Frank Frazetta's Adventures of the Snowman
“Talent is always a joy to witness. But young talent like this is a very special joy.”
This is going to be a short review. But then The Adventures of the Snow Man by Frank Frazetta is a short book. And an odd one at that.
Frazetta is probably the most widely known—and revered—illustrator of science fiction and fantasy subjects, having gained much fame and a large following for his paperback book covers, putting the image into the imaginative worlds of Tarzan, John Carter of Mars, and Conan the Barbarian, among others. Several generations of young minds looking for escape into fantastic realms of adventure where landscapes were often dark and danger-filled, men were perfect specimens of well-muscled heroes, and women were beyond beautiful as their “attributes” were beyond belief, will never regret having made the trip. But earlier in his career Frazetta worked in comics and comic books, even ghosting for Al Capp on his Lil’ Abner strip.
And at the age of 12 1/2, stuck in his bedroom on a snowy day, and inspired by a snowman in his backyard being battered by a winter wind, Frazetta created the Snow Man. This wasn’t a gentle character associated with winter wonderlands and Christmas, but rather a righteous fighter against the evil Axis, which America and its allies were fighting in the Second World War. A few years later, at the still young age of 15, Frazetta created at least two Snow Man comic stories, one of which was published in Tally-Ho Comics, and the other that makes up this current book.
The Snow Man, who smokes a strange looking pipe and whose only weapon is an axe, seems to operate “Somewhere in the Rockies,” most likely in Canada as the local authorities are red-suited Mounties. This snow-covered remote area seems to be a good hiding place for such Axis terrors as “The Skull,” a strange, vulture-like creature of—of course—pure evil, and various Japanese agents of very ugly demeanors. What damage they can do to America in the remote Canadian Rockies is not made clear.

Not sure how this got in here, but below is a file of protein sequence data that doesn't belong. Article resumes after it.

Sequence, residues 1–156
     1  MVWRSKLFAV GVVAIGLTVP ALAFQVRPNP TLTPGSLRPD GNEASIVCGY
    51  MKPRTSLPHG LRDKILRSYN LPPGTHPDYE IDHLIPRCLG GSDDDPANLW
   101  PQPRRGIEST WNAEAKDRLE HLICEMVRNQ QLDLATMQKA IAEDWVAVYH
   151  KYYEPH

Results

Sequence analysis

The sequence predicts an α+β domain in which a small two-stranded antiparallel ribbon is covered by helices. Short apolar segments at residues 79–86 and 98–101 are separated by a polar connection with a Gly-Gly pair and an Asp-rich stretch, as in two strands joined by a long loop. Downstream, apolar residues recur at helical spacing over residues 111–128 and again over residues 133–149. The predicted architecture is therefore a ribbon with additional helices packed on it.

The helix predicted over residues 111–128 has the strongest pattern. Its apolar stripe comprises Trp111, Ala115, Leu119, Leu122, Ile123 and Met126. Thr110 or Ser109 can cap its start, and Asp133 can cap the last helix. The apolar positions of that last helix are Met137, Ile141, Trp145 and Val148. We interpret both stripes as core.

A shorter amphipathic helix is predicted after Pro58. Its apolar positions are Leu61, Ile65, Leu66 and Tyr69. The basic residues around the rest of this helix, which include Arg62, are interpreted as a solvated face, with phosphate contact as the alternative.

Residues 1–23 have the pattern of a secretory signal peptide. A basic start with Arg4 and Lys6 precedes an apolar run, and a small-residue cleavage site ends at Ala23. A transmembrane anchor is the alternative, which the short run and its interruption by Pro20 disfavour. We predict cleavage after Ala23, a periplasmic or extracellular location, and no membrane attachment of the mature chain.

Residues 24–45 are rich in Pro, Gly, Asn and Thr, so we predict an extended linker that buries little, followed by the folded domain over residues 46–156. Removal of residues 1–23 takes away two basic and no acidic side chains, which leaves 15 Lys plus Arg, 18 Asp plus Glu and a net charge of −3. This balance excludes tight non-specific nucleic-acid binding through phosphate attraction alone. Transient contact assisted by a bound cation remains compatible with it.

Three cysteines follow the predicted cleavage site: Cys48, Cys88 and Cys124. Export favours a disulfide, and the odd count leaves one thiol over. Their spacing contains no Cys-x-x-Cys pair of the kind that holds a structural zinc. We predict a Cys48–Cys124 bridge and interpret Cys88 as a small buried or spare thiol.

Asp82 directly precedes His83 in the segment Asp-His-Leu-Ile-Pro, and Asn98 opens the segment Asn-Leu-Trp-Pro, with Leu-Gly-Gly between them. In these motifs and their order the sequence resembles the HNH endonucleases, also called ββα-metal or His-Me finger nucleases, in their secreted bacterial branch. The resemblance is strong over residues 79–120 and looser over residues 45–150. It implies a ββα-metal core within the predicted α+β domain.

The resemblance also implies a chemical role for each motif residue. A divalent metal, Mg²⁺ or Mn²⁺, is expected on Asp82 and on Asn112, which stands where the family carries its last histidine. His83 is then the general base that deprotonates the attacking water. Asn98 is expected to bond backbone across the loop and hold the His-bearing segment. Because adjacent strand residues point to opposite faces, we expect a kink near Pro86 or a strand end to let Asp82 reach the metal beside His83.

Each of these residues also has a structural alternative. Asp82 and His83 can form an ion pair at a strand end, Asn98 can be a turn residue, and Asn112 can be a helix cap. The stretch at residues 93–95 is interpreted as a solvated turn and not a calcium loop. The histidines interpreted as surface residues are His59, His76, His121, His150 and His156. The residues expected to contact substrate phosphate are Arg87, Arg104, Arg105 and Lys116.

But whatever it is, the Snow Man is there to stop them. Despite being a snow man (ostensibly a man made of snow) our hero can be hurt and can bleed—nice, red, American blood we assume, despite the Canadian locale. If he is a “super” hero of any sort, his superpower seems to be pure pugnaciousness. He’s like Popeye with a body temperature of 32⁰ F.
It is all grand, silly stuff from the mind of a 15-year-old boy with a world at war around him.
But the literary quality of the story of The Adventures of the Snow Man is probably not why Dark Horse Books and Frank Frazetta, Jr (Frazetta senior died in 2010) decided to publish this book. It may not even have been just to preserve a bit of history in regard to a well-loved artist, although its publication certainly does that. One hopes that the motivation was to show exactly what a wonderful artist Frazetta was even at what is normally a formative age. The boy may have been fifteen, but the artist was fully mature.
Just the design and drawings of the Snow Man himself tells you that. Frazetta’s control of line was free-flowing and elegant, defining the form within precisely, giving it full dimension as a corporeal entity. And his posing of the character in each drawing is always alive with movement—the movement just before each static pose, and the movement directly after them. Every rendering of the Snow Man is a delight.
Frazetta fans will want The Adventures of the Snow Man for their collection. Fans of comic art may well want it as well. Talent is always a joy to witness. But young talent like this is a very special joy.